If you’re a consultant, expert or provide another type of service, you may be wondering if you should reduce your price to acquire new customers. Here's why it’s a bad strategy and what you should be doing instead.
1. Price is Only Part of the Customer Equation
Price isn’t a customer’s first thought. There’s a lot going on in their minds before they get to that question. Although it may seem like price is their first concern, these come before:
Imagining what your prospect is wondering about gives you the opportunity to make the case for your services before getting to the pricing question, “Can I afford it?” It will come up, but the question of price only becomes relevant when they’re considering making the purchase. People will pay if they believe you’re worth it, so use the right language to communicate that you are aware of their need, problem or pain. Then, make your pitch.
2. You’re Going After the Wrong Customers
If your fee is a prospect’s only worry, you may be targeting the wrong market. If the discount is the only reason they hired you, you’ve cheapened yourself and you’ll end up with cheap customers who will always battle for low prices.
3. You Shouldn’t Earn Less than You’re Worth
If you set your price at a certain amount, there should have been a reason for it. If you think you’re worth less, then you should be setting your price lower. Hopefully you’ve done your pricing research before this point — that is, looked into what competitors are charging or at least found out what’s typical for your industry. If you don’t think you’re worth that much, then you should be charging a lower price. If that’s not profitable, then you need to revisit your business model.
5. Price is Only One Aspect of Marketing
Starting with the right product for the right market is where success begins. One way to do that is to avoid selling naked services at an hourly rate. Instead, create a suite of bundled services, a package with a high perceived value so customers feel they’re getting a good deal. Design it to meet a specific customer need with clearly defined benefits, and offer it at a flat and profitable price.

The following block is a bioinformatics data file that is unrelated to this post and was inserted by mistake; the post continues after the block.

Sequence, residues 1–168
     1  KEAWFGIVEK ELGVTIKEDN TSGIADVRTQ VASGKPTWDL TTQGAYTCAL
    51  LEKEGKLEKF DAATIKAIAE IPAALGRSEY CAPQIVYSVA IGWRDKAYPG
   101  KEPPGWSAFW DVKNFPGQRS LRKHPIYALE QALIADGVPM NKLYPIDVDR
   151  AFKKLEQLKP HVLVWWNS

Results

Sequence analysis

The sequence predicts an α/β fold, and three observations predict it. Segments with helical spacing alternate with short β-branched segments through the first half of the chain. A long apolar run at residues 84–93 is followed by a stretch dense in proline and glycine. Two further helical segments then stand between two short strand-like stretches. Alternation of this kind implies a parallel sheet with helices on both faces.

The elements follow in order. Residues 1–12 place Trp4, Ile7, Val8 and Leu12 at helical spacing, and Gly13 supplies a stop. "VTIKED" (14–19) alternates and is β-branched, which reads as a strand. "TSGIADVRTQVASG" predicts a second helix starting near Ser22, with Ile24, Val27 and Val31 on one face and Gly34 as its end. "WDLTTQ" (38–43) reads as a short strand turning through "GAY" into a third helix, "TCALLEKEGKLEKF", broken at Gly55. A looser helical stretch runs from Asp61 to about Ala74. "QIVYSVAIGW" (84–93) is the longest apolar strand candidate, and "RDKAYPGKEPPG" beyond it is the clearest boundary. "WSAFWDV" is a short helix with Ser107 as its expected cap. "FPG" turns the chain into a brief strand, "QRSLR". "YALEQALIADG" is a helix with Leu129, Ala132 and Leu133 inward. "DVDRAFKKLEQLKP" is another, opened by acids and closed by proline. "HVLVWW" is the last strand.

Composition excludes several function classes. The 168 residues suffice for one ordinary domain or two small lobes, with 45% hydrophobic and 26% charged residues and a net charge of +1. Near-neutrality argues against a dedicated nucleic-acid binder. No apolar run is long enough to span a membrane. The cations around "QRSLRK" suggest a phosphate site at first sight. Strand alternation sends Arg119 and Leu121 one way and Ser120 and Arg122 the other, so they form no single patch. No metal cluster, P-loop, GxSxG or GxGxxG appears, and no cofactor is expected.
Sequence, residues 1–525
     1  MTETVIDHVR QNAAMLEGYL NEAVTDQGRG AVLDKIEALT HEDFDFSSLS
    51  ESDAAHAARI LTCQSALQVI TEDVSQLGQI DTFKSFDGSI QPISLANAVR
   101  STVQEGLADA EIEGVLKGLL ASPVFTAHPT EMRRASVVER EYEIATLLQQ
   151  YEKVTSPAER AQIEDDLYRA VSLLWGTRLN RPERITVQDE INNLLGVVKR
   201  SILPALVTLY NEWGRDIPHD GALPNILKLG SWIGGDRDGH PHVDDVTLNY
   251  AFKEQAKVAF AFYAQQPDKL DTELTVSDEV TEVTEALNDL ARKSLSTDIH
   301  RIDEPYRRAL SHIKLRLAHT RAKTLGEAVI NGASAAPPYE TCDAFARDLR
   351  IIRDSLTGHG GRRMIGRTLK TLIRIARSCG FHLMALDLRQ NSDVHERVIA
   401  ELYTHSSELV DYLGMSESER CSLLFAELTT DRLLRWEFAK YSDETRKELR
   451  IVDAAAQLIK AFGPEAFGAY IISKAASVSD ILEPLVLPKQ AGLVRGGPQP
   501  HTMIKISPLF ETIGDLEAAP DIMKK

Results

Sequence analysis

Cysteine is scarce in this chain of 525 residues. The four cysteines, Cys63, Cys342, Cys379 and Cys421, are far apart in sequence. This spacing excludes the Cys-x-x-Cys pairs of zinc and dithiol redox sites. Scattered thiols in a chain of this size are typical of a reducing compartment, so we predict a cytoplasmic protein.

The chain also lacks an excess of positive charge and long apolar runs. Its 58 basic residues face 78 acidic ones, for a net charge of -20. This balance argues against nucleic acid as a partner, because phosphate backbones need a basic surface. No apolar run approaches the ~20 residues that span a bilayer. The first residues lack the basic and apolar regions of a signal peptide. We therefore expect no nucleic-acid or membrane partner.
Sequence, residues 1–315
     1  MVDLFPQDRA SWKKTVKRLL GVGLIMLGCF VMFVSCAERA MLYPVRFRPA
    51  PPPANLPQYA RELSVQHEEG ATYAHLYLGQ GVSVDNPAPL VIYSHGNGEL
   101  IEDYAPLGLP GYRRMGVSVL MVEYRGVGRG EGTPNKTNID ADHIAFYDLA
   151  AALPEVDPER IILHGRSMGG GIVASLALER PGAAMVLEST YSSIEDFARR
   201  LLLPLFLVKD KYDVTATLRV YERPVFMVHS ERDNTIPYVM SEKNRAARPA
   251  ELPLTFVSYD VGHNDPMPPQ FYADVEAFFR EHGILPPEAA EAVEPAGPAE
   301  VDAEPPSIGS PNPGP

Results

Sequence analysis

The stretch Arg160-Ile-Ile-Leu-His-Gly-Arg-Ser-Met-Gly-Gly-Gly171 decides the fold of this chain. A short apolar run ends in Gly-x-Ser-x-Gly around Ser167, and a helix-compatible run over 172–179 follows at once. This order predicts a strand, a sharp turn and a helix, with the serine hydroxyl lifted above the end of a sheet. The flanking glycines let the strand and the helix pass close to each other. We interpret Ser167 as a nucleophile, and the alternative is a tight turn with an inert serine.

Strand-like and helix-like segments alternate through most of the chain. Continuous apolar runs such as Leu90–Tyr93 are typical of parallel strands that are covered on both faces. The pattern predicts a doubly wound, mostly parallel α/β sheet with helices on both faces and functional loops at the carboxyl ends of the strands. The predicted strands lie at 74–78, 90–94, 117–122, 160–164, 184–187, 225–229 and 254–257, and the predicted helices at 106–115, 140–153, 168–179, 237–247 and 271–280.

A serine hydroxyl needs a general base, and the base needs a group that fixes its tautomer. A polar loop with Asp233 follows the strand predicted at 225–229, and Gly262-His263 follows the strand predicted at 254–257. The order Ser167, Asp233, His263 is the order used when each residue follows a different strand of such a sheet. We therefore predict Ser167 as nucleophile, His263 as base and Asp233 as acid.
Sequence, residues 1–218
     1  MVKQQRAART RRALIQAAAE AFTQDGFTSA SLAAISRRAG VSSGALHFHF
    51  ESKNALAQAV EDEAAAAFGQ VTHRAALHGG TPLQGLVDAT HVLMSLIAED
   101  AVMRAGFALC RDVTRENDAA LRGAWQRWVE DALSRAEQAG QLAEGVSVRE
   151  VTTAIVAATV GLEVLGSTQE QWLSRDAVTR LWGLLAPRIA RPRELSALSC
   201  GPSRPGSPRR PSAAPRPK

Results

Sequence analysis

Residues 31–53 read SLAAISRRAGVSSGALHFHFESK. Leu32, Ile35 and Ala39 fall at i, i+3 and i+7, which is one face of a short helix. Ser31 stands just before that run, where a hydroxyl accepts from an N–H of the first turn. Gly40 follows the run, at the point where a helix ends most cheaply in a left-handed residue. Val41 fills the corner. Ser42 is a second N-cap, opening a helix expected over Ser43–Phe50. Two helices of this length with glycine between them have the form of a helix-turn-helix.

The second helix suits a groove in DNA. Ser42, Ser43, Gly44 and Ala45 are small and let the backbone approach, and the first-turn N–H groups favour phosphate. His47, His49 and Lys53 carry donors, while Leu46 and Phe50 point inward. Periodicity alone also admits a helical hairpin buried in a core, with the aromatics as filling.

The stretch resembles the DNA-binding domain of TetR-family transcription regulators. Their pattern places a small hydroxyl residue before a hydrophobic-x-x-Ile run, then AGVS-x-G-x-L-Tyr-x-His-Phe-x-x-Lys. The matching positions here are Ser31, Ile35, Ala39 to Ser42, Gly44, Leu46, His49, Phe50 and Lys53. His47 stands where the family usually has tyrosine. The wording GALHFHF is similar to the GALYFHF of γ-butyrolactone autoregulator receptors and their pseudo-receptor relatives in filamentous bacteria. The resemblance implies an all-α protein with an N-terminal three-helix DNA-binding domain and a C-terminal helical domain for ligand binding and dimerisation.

6. Price is Not a Differentiator
When asked this question, “Why should I buy from you?,” your answer shouldn’t be “Because I’ve got the lowest price.” It should be, “I’m the only one that does X” or “I’m faster or better.” Carving out a differentiated space defends you against competition and may allow you to charge a higher price than the norm, rather than a discounted one.
7. Your Problem is Lack of Awareness, Not Price
Setting a low or discounted price is only something you do once people know what you can do for them. It’s not the way to let people know you exist. You can generate awareness and leads through a combination of search engine optimization (SEO) and search marketing, advertising, public relations, content marketing and social media to drive traffic to your website.
8. You’ll Lose the Price War
Trying to compete by offering discounts is a downward spiral, a game of how low can you go. You probably don’t have pockets deep enough to outbid your competition.
9. You Get What You Pay For
It’s difficult to make apples to apples comparisons between service providers, so people use price as one indicator of quality. Setting your price too low or discounted could raise eyebrows.
10. Before Closing the Deal with a Discount, Consider This
There are many ways to get closer to the deal, way before you need to sweeten it with a discount. Consider offering something that doesn’t cost you anything — like a free ebook. Or even a free first :30 phone call — something you may need to do anyway to vet out a prospect. This will give you another opportunity to convince them that you’re the best choice and worth the price.
When a Discount May Make Sense
With so many ways to market yourself, reducing your normal price should be the last on your list. However, there are times when you may want to use discounts:
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